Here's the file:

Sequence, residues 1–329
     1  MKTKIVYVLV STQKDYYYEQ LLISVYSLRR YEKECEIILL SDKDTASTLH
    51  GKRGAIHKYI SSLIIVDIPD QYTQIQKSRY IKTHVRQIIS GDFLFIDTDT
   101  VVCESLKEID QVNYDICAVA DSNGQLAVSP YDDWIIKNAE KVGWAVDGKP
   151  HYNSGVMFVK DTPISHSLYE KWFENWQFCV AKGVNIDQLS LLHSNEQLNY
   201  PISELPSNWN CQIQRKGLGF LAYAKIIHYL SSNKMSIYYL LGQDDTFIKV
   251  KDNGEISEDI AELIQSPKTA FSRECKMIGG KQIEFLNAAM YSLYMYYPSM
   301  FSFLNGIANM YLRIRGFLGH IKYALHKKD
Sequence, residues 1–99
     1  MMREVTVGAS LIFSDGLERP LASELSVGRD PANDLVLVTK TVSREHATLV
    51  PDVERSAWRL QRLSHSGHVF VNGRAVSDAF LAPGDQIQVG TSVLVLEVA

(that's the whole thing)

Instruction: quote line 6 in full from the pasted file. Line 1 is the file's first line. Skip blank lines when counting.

   201  PISELPSNWN CQIQRKGLGF LAYAKIIHYL SSNKMSIYYL LGQDDTFIKV